$ phpize

Then, launch the configure script:

$ ./configure --enable-eaccelerator=shared \

Finally build the module:

$ make

Install eAccelerator

Installation is done by the next steps:

$ sudo make install

Don't forget to copy the configuration file (have a look at its content but in most cases it works as is):

$ sudo cp eaccelerator.ini  /etc/php5/conf.d/

Restart Apache server

To make the module available, you have to restart the Apache server:

$ sudo /etc/init.d/apache2 restart

Performance improvements

What performance gain can you expect... That will depend on the PHP software and the page. It's easy to have an idea.

To measure the performance improvement, you can use the Apache benchmarking tool. Do a performance measurement on the web site before the installation and another one after. Be sure to benchmark the same page.

The following command will benchmark the page 100 times with only one connection.

$ ab -n 100

Below is an extract of the percentage of the requests served within a certain time (ms) for one of my web page served by Dotclear:

         Without        with
        eAccelerator  eAccelerator
 50%       383           236
 66%       384           237
 75%       387           238
 80%       388           239
 90%       393           258
 95%       425           265
 98%       536           295
 99%       796           307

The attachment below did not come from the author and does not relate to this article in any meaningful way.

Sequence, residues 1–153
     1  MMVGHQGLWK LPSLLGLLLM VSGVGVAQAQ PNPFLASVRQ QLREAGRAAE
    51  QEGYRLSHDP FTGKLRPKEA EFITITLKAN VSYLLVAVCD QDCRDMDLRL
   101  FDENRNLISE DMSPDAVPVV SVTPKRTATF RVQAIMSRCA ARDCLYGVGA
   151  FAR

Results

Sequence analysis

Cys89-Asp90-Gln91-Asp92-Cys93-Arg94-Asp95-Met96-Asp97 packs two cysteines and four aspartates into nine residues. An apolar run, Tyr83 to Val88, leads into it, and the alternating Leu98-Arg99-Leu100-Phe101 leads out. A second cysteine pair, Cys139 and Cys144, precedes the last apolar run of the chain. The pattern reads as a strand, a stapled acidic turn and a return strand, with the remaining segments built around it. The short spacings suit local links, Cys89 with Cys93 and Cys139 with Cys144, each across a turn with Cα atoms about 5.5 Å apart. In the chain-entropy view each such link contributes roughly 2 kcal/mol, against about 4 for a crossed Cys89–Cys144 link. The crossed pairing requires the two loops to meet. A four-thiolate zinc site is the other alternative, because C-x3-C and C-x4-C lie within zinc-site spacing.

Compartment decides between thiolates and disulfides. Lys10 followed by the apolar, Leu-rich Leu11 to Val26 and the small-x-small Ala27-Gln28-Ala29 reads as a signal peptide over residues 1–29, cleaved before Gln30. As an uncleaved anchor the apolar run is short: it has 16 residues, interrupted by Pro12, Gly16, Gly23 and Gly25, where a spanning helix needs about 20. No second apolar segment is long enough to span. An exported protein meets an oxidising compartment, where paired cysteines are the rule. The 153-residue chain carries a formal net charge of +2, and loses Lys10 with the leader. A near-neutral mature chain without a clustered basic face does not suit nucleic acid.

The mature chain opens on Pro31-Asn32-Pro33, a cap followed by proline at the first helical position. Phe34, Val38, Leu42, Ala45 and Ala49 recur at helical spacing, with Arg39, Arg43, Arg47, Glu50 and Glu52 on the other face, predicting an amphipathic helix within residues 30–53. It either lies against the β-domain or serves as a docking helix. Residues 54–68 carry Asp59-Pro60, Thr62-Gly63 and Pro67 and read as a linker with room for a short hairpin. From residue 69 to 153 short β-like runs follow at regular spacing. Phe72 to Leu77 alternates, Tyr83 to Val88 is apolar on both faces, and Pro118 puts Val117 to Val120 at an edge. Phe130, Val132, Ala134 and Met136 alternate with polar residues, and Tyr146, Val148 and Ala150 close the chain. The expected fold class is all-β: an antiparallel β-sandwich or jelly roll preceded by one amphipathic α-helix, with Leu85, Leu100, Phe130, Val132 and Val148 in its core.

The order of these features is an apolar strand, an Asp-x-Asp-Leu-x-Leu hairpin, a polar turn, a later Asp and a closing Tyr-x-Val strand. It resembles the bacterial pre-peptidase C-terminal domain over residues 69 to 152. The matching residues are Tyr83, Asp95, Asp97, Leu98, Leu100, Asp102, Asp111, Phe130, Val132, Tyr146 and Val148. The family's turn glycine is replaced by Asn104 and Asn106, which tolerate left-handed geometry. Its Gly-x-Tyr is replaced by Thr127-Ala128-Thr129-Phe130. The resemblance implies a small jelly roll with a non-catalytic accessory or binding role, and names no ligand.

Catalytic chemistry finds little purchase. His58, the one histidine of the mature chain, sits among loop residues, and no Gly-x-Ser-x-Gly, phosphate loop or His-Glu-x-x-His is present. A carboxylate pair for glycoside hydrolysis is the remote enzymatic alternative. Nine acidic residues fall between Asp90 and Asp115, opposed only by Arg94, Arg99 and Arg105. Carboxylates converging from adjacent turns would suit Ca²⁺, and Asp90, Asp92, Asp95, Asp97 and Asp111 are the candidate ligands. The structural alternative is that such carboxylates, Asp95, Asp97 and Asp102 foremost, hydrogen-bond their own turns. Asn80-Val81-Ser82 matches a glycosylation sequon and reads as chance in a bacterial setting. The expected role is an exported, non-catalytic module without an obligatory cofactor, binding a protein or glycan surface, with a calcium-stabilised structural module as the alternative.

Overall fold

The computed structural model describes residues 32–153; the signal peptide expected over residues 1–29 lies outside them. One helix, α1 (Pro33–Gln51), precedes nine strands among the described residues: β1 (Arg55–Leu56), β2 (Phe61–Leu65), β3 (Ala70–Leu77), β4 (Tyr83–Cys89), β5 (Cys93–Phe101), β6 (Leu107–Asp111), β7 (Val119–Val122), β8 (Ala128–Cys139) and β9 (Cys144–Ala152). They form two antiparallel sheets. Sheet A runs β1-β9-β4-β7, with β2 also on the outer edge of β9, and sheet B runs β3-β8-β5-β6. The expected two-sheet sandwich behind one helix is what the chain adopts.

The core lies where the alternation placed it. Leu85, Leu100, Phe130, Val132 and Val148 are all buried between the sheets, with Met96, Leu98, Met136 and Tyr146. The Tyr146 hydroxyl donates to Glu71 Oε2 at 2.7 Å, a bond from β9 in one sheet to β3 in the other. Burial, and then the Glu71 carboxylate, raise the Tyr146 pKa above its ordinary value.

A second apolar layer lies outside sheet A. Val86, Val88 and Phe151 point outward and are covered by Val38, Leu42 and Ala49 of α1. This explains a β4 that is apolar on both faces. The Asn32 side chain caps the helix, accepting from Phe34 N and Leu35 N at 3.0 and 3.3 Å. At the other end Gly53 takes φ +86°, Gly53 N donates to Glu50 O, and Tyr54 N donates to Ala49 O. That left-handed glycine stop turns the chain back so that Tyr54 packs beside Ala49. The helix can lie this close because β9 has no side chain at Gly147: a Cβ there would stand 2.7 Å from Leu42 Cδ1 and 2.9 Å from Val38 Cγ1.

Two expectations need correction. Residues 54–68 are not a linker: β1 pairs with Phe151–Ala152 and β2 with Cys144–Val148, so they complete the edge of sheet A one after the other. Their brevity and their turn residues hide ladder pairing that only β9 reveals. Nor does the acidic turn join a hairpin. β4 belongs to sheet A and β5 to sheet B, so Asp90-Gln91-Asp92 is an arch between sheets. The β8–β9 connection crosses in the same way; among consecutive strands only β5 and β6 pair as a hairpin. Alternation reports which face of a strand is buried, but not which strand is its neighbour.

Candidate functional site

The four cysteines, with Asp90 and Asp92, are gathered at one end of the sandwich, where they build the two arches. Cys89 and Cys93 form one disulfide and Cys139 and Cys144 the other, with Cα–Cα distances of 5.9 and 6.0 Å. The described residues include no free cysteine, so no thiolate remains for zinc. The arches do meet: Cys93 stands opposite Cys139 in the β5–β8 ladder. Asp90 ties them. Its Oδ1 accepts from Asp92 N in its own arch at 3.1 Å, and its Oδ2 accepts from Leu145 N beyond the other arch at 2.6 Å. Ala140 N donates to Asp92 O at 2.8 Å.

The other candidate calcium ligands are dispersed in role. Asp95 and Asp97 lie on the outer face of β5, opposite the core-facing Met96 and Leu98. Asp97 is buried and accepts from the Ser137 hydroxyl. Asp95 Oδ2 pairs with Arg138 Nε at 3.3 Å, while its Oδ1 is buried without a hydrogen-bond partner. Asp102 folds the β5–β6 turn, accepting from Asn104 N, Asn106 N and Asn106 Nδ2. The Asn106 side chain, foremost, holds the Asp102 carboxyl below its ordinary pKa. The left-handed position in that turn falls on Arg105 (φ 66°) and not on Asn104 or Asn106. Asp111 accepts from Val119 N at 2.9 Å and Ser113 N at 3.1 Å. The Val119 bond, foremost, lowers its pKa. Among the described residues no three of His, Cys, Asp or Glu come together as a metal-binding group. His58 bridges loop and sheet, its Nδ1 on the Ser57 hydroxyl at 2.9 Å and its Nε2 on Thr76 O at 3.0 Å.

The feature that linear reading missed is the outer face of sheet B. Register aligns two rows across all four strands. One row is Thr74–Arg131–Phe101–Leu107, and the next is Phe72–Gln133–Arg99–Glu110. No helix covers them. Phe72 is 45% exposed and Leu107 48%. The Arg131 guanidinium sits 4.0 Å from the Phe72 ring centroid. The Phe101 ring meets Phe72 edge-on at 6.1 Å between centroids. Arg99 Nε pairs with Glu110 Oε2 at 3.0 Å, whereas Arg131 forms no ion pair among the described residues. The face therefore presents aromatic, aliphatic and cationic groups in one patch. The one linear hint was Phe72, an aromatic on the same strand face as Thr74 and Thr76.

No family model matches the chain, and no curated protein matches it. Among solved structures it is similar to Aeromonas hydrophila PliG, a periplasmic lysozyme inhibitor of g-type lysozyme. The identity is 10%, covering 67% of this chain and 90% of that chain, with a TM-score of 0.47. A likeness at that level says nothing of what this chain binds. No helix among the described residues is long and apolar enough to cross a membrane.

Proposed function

100%       796           307 (longest request)

The gain varies from 38% to 60% so it is quite interesting. The other benefit is that the variance is also smaller meaning that requests are served globally in the same time.

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Solving Linux system lock up when intensive disk I/O are performed

By Stephane Carrez

When a system lock up occurs, we often blame applications but when you look carefully you may see that despite your multi-core CPU, your applications are sleeping! No cpu activity! So what happens then? Check the I/Os, it could be the root cause!

With Ubuntu 10.04, my desktop computer was freezing when the ReadyNAS Bacula backup was running. Indeed, the Bacula daemon was performing intensive disk operations (on a fast SATA hard disk). The situation was such that it was impossible to use the system, the interface was freezing for a several seconds then working for a few seconds and freezing again.

Linux I/O Scheduler

The I/O scheduler is responsible for organizing the order in which disk operations are performed. Some algorithms allow to minimize the disk head moves, other algorithms tend to anticipate read operations,

When I/O operations are not scheduled correctly, an interactive application such as a desktop or a browser can be blocked until its I/O operations are scheduled and executed (the situation can be even worse for those applications that use the O_SYNC writing mode).

By default, the Linux kernel is configured to use the Completely Fair Queuing scheduler. This I/O scheduler does not provide any time guarantee but it gives in general good performances. Linux provides other I/O schedulers such as the Noop scheduler, the Anticipatory scheduler and the Deadline scheduler.

The deadline scheduler puts an execution time limit to requests to make sure the I/O operation is executed before an expiration time. Typically, a read operation will wait at most 500 ms. This is the I/O scheduler we need to avoid the system lock up.